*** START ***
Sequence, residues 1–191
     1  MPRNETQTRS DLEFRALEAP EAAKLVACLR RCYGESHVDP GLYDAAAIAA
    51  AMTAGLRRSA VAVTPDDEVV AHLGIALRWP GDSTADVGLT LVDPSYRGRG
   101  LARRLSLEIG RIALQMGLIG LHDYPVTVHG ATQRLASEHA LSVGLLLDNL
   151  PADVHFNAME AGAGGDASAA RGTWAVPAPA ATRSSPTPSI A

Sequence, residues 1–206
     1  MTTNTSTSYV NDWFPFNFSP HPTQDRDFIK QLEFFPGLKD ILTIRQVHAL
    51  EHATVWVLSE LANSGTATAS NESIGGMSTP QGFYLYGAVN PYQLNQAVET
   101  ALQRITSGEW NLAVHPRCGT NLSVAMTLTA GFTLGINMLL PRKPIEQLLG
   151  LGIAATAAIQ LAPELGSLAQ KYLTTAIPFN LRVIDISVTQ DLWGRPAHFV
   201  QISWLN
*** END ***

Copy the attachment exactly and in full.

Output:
Sequence, residues 1–191
     1  MPRNETQTRS DLEFRALEAP EAAKLVACLR RCYGESHVDP GLYDAAAIAA
    51  AMTAGLRRSA VAVTPDDEVV AHLGIALRWP GDSTADVGLT LVDPSYRGRG
   101  LARRLSLEIG RIALQMGLIG LHDYPVTVHG ATQRLASEHA LSVGLLLDNL
   151  PADVHFNAME AGAGGDASAA RGTWAVPAPA ATRSSPTPSI A

Sequence, residues 1–206
     1  MTTNTSTSYV NDWFPFNFSP HPTQDRDFIK QLEFFPGLKD ILTIRQVHAL
    51  EHATVWVLSE LANSGTATAS NESIGGMSTP QGFYLYGAVN PYQLNQAVET
   101  ALQRITSGEW NLAVHPRCGT NLSVAMTLTA GFTLGINMLL PRKPIEQLLG
   151  LGIAATAAIQ LAPELGSLAQ KYLTTAIPFN LRVIDISVTQ DLWGRPAHFV
   201  QISWLN